Now, I don’t know whether to call this a historical novel or not, because I’m not certain about how close to the truth historical novels have to be. This story has obviously been designed for fictitious purposes, not necessarily explanatory or informative ones. As such, it doesn’t seem to try to stick to facts (which we don’t, in actuality, know too much about, because Moses never went that deep) but is instead nearly loosely based on the people and events mid-Genesis. That’s all fine. I read on some blog or something a statement from the author, that her aim wasn’t to be historically accurate, but to tell a good story. And she did. =)

It was a book full of enough pain and hardship to make me uncomfortable – especially when it came down to matters of women: menstruation, pregnancy, marriage, heartbreak and all that. The “red tent” itself was the place that the women in Dinah’s family went to when they were on their periods. I thought it was interesting how women-centred the whole thing was, especially since it was set in a time where the dominant matter worthy of documentation was the life of the man. In The Red Tent, however, the men are really just background characters, among whom stuff happens, but life through their lens isn’t that important. Dinah, the child of Jacob to whom least Biblical attention was paid, is our protagonist, and the boys are mainly (at least from some point in the story) antagonists.

Now, there are some issues raised, concerning women – some discreet, some plainly depicted – but the story at least stays culturally historically accurate, in terms of the roles of women. There were mainly two kinds I saw in the book: housewives and midwives. But when the midwives weren’t delivering babies, they were being housewives. There were also the women in Dinah’s grandma’s anti-boy camp (she reminds me of Circe from The Sea of Monsters book, and thus probably the actual mythological Circe), but these were also minor characters.

I suppose most will not call this story a feminist one, but honestly, I saw it as such. It wasn’t so much a cry for equality, but more like a subtle highlighting of things that were wrong with the roles that women were expected to play and how they were treated.

This was a very good book, in a calm way. When I say good, I am not necessarily referring to the inherent quality of the writing but rather to how the book made me feel, as a reader. I didn’t flip out like I did with The Shadow of the Wind, for instance, and it didn’t make me glow like The 40 Rules of Love did. It was just nice, and naturally engrossing. Kind of like a lazy-day read. I had nearly forgotten what books like this felt like, so I spent too long waiting for it to get “interesting”. I forgot that there are books that actually describe day-to-day life, and not everything is as fast-paced as A Song of Ice and Fire.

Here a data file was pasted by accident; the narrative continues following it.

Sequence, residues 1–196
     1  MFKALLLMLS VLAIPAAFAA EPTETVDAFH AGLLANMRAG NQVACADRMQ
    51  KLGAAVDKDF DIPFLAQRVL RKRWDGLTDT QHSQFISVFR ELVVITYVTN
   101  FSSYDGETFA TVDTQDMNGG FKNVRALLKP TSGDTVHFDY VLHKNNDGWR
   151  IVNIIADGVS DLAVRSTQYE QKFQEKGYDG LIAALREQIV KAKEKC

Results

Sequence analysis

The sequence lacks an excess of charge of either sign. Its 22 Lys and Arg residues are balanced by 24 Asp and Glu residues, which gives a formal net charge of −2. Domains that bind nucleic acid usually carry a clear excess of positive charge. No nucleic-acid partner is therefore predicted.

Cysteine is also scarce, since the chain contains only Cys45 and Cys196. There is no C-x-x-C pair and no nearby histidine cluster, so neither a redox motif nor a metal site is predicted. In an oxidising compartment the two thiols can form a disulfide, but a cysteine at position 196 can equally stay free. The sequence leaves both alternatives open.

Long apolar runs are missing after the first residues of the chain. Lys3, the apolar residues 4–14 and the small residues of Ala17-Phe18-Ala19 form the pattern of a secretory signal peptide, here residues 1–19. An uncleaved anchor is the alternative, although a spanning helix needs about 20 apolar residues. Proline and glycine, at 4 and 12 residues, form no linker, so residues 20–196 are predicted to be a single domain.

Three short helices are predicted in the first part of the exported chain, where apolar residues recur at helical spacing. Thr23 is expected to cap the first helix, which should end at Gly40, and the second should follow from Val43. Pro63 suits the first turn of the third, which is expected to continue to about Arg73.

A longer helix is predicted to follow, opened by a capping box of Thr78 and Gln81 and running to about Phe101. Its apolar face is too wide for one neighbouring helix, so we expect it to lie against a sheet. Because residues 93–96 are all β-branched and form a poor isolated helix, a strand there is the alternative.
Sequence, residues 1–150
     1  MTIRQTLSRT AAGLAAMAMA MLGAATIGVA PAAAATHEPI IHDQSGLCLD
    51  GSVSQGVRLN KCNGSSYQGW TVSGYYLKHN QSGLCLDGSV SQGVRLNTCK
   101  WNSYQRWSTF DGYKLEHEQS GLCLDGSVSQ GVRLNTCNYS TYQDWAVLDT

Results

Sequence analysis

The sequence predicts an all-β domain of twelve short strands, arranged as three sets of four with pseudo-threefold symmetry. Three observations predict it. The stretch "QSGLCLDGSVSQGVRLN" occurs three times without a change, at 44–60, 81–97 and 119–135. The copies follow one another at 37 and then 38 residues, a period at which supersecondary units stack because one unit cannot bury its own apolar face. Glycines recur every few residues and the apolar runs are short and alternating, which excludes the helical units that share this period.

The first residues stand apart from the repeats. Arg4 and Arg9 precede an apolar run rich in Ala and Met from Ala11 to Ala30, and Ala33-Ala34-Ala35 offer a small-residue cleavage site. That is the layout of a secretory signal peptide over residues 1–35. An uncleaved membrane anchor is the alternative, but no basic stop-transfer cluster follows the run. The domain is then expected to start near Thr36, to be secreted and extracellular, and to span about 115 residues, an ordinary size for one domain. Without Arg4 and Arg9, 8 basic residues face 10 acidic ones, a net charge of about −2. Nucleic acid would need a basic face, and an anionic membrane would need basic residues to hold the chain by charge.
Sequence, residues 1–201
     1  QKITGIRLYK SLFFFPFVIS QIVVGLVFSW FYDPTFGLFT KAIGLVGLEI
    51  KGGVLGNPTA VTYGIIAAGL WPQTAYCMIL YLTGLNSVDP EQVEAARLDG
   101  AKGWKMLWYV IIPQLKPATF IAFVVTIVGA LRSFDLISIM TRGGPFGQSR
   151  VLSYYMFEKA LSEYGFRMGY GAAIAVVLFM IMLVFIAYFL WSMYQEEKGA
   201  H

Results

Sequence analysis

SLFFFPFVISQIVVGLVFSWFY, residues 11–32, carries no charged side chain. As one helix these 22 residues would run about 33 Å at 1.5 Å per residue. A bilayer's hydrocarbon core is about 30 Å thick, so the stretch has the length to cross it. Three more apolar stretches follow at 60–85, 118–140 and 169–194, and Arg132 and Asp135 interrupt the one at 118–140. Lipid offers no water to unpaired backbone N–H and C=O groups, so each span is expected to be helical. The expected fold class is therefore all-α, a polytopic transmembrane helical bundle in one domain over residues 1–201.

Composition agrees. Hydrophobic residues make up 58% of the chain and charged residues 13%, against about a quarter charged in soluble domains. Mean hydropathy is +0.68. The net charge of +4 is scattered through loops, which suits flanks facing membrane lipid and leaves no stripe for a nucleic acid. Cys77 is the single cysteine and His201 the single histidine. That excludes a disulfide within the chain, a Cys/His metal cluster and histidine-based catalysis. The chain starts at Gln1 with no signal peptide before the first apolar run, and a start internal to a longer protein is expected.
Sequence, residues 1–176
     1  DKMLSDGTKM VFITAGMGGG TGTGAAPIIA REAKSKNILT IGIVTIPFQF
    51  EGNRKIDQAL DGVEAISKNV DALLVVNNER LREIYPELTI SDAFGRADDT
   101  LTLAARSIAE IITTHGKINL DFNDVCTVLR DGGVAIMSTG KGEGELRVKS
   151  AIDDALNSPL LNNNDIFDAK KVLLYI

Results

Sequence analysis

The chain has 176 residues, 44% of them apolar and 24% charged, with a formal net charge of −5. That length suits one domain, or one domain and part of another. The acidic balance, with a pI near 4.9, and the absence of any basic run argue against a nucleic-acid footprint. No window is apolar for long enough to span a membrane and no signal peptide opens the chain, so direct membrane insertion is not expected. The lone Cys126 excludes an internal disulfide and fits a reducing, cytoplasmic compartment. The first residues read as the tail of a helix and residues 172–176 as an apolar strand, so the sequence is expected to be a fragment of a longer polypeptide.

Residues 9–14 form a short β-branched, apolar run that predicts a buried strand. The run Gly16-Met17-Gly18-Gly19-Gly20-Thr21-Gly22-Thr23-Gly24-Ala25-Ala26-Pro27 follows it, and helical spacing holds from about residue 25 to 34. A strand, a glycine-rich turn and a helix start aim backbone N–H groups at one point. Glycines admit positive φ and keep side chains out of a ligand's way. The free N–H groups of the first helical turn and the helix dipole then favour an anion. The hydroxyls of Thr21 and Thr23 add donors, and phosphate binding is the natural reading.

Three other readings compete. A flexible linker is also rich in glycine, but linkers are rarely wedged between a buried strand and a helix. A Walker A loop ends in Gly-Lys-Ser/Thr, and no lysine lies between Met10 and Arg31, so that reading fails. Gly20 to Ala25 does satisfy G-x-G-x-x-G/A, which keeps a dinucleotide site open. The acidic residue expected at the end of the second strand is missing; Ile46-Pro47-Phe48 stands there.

It’s actually quite a profound story that gives you a lot of stuff to think about. Me, at a lot of points, I got scared just at the thought of being a girl/woman at that time and especially at the thought of giving birth. In that respect, it’s full of a lot of scary pain. =(

I like how the “rape” of the original Bible story was transformed into a fictional romance story instead. In this book, rape wasn’t even involved. It became a tragedy, full of unfair death – the most dramatic part of the whole novel, as it is also the most dramatic part (we have seen) of Biblical Dinah’s life.

But it was great! Full of creativity! And I really admire Anita Diamant’s skill. I just couldn’t understand how she could bear to vividly describe so much pain. If I had to write some of those scenes, I would just put my pen down/turn my computer off and start crying. I’m probably exaggerating – or maybe people just won’t react to the novel the same way I did.

Nevertheless, it really was a wholly beautiful story.

Favourite quotes:

“If you want to understand any woman you must first ask about her mother and then listen carefully.”

Although this sounds pretty profound, I feel like it doesn’t apply to me. My mother and I couldn’t be more different. I don’t know what she’d accurately be able to tell you about me.

“The flavour of gratitude is like the nectar of the hive.”

Legit.

“Attending her sister’s births made her wish to become part of the great mother-mystery, which is bought with pain and repaid with an infant’s sparkling smile and silken skin.”

Given that I fear pain more than nearly anything, my reaction to this statement is mixed. Also, I have my own issues with bringing human beings into this world.

“You walked among queens, but you were alone.”

This was said in description of someone’s dream, but goodness, how profound it is! I feel like I can easily visualise it.

“Uttu went to the east, where the sun rises, but found the men had stolen the women’s tongues and they could not answer for themselves.”